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Contrib Nephrol. 2011;170:184-95. doi: 10.1159/000325663. Epub 2011 Jun 9.

Treatment and landmark clinical trials for renoprotection.

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  • 1Department of Medicine and Therapeutics, The Chinese University of Hong Kong, The Prince of Wales Hospital, Hong Kong SAR, China.


During the last two decades, many large-scale randomized clinical trials have confirmed the importance of lowering blood pressure and inhibiting the renin-angiotensin-aldosterone system (RAAS) to preserve renal function in patients with chronic kidney disease due to different causes. With growing epidemic of type 2 diabetes, the burden of diabetic nephropathy (DN) will continue to grow. Based on a large body of epidemiological, experimental and interventional studies, strict glycemic control, blood pressure lowering and RAAS blockade are now the recommended strategies in the prevention and control of DN. Both angiotensin-converting enzyme inhibitor (ACEI) and angiotensin receptor blocker (ARB) have been shown unequivocally to reduce proteinuria and preserve renal function in affected patients. Importantly, therapeutic responses are dose dependent, and these drugs should be given in maximal dosages as tolerated. Combined use of ACEI and ARB reduced proteinuria and rate of decline of renal function, although it did not appear to confer extra renoprotection over the use of either agent alone. Spironolactone and aliskiren are alternative drugs that block the RAAS and have been demonstrated to further reduce proteinuria when added to ACEI or ARB. In the absence of long-term data about their safety and efficacy on renal function, combined use of these agents must be administered with caution after careful consideration of risk-benefit ratio with close monitoring for adverse effects, notably hyperkalemia. Pending further evidence, the use of a team approach to attain multiple treatment goals will improve renal outcomes in these high risk subjects.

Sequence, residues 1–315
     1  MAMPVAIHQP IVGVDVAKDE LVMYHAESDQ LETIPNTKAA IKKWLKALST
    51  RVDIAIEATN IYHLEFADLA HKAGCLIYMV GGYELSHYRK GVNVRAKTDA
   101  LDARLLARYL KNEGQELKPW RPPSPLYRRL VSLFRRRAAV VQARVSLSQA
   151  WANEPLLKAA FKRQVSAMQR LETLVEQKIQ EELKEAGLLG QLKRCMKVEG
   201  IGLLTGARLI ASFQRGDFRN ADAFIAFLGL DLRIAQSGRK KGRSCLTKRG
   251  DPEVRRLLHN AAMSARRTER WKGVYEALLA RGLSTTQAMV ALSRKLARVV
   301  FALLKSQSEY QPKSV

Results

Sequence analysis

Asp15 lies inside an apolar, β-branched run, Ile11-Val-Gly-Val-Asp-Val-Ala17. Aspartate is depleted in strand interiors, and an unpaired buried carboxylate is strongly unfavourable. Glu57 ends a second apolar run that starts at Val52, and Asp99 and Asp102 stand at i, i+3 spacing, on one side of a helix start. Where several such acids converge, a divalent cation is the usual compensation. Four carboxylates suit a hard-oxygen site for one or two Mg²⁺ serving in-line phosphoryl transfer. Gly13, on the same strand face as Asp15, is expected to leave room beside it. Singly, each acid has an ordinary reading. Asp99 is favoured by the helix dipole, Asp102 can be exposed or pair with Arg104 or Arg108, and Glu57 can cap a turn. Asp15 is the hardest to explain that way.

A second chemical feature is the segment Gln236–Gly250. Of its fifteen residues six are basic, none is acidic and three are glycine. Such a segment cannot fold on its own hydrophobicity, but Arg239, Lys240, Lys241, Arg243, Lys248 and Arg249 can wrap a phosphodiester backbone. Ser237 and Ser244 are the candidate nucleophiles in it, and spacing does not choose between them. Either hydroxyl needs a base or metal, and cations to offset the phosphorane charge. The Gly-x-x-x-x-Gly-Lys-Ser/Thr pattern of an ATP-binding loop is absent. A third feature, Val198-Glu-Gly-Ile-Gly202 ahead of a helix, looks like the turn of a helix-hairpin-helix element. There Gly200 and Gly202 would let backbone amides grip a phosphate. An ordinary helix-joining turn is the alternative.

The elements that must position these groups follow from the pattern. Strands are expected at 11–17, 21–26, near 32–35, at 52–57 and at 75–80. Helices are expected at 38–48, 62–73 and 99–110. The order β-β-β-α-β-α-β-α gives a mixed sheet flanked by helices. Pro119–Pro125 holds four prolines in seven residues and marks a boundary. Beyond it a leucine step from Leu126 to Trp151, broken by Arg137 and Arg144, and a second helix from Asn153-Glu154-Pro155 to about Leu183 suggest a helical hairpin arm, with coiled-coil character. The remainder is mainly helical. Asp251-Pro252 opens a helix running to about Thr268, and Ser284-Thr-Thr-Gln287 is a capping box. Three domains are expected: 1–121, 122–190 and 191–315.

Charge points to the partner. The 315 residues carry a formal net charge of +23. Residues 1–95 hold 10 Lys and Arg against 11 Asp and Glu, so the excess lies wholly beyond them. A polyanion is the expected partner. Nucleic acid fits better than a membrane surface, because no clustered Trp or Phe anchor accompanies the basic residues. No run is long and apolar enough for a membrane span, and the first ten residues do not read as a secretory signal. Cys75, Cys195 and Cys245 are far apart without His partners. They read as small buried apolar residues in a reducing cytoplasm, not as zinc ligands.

Copyright © 2011 S. Karger AG, Basel.

[PubMed - indexed for MEDLINE]
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